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Hoffmann, R. A wiki for the life sciences where authorship matters. Nature Genetics (2008)

The nucleotide changes governing cuticular hydrocarbon variation and their evolution in Drosophila melanogaster.

The cuticular hydrocarbon (CH) pheromones in Drosophila melanogaster exhibit strong geographic variation. African and Caribbean populations have a high ratio of 5,9 heptacosadiene/7,11 heptacosadiene (the "High" CH type), whereas populations from all other areas have a low ratio ("Low" CH type). Based on previous genetic mapping, DNA markers were developed that localized the genetic basis of this CH polymorphism to within a 13-kb region. We then carried out a hierarchical search for diagnostic nucleotide sites starting with four lines, and increasing to 24 and 43 lines from a worldwide collection. Within the 13-kb region, only one variable site shows a complete concordance with the CH phenotype. This is a 16-bp deletion in the 5' region of a desaturase gene ( desat2) that was recently suggested to be responsible for the CH polymorphism on the basis of its expression [Dallerac, R., Labeur, C., Jallon, J.-M., Knipple, D. C., Roelofs, W. L. & Wicker-Thomas, C. (2000) Proc. Natl. Acad. Sci. 97, 9449--9454]. The cosmopolitan Low type is derived from the ancestral High type, and DNA sequence variations suggest that the former spread worldwide with the aid of positive selection. Whether this CH variation could be a component of the sexual isolation between Zimbabwe and other cosmopolitan populations remains an interesting and unresolved question.[1]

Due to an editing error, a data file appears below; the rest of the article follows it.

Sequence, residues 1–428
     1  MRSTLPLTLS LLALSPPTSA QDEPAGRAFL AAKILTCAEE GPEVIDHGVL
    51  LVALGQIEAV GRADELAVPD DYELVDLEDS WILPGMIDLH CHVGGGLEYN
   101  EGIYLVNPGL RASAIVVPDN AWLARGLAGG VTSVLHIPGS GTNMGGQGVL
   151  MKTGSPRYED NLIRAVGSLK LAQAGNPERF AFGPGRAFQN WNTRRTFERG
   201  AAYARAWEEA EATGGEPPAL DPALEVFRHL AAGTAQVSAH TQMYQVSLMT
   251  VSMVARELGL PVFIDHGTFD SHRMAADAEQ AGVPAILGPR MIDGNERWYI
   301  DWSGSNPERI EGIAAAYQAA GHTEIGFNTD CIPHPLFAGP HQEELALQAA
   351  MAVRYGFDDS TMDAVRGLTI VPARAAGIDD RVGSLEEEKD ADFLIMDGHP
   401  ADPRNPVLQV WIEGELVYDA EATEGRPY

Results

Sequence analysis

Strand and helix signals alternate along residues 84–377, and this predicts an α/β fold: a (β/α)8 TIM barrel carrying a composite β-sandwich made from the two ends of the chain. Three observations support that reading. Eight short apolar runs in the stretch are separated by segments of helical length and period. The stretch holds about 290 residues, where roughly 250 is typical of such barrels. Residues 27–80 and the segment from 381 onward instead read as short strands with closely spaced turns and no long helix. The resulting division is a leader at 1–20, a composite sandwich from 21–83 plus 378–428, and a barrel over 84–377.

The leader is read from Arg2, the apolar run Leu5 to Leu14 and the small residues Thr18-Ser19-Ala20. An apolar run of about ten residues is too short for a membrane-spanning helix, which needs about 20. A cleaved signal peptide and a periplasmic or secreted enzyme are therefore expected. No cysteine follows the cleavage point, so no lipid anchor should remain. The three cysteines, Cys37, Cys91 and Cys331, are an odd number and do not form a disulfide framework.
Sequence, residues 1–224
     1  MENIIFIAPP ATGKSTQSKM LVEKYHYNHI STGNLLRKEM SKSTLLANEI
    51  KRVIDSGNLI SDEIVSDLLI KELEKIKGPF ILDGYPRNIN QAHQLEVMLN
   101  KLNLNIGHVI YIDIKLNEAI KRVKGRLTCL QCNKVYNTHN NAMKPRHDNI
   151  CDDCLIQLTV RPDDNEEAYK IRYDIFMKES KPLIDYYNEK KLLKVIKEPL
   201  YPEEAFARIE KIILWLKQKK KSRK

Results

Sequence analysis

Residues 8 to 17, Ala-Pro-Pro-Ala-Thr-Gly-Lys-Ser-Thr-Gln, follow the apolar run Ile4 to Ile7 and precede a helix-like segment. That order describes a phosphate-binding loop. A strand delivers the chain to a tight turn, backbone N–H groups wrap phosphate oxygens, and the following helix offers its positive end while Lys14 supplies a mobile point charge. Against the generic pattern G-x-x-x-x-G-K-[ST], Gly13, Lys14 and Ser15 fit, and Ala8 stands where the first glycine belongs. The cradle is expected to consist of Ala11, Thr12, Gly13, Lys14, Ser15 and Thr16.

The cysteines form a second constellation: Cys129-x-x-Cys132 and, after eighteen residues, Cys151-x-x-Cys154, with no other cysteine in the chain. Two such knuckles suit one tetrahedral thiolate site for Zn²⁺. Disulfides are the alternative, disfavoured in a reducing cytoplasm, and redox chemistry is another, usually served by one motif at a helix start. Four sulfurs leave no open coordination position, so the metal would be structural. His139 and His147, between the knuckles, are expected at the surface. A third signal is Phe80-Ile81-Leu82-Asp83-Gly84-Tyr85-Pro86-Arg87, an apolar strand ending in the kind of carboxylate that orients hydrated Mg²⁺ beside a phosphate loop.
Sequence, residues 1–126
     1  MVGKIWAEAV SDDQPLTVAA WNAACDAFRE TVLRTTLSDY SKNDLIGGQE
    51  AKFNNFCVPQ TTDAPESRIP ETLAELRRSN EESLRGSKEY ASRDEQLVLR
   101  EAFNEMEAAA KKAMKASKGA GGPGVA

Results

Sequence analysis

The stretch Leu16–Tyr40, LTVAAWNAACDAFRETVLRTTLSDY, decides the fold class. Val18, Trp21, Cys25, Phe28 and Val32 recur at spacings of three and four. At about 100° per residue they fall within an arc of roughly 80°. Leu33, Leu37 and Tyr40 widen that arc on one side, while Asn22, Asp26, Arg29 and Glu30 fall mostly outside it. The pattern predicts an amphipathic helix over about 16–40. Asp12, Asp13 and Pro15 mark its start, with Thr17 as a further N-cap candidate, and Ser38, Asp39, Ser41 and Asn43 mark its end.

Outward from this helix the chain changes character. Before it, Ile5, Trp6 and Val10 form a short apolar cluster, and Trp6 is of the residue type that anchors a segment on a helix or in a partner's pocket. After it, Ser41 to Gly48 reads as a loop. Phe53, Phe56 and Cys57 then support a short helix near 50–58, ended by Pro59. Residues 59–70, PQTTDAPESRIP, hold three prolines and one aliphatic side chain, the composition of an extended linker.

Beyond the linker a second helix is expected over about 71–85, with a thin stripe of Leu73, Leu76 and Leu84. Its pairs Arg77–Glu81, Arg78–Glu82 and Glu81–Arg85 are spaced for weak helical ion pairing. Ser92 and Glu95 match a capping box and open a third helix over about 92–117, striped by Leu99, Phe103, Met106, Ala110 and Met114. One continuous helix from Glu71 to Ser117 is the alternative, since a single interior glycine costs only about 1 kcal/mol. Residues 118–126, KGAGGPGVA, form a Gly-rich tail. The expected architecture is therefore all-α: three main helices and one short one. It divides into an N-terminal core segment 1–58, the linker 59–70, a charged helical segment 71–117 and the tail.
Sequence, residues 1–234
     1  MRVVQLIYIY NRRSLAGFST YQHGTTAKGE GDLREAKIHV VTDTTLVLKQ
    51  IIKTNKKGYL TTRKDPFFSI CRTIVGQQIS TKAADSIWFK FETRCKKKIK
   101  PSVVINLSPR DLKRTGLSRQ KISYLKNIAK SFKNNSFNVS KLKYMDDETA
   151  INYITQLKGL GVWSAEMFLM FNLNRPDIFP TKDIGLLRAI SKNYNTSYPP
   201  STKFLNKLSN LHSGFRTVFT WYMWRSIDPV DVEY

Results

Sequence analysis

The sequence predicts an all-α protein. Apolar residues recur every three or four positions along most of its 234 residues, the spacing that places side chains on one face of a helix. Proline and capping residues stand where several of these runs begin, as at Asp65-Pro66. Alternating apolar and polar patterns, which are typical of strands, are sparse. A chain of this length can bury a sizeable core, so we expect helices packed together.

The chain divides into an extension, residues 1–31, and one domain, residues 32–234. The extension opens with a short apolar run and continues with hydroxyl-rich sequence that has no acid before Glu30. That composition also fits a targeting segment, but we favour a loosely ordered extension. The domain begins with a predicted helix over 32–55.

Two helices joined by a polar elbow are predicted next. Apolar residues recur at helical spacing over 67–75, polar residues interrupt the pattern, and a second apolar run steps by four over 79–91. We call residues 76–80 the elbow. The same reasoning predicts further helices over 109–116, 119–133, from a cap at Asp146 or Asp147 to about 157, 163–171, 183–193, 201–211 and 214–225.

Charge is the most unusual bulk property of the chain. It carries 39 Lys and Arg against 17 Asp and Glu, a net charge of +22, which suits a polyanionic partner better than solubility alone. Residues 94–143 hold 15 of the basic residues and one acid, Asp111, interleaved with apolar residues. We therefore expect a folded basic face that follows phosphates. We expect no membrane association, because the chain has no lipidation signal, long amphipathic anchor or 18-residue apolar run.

1. The nucleotide changes governing cuticular hydrocarbon variation and their evolution in Drosophila melanogaster. Takahashi, A., Tsaur, S.C., Coyne, J.A., Wu, C.I. Proc. Natl. Acad. Sci. U.S.A. (2001) [Pubmed]
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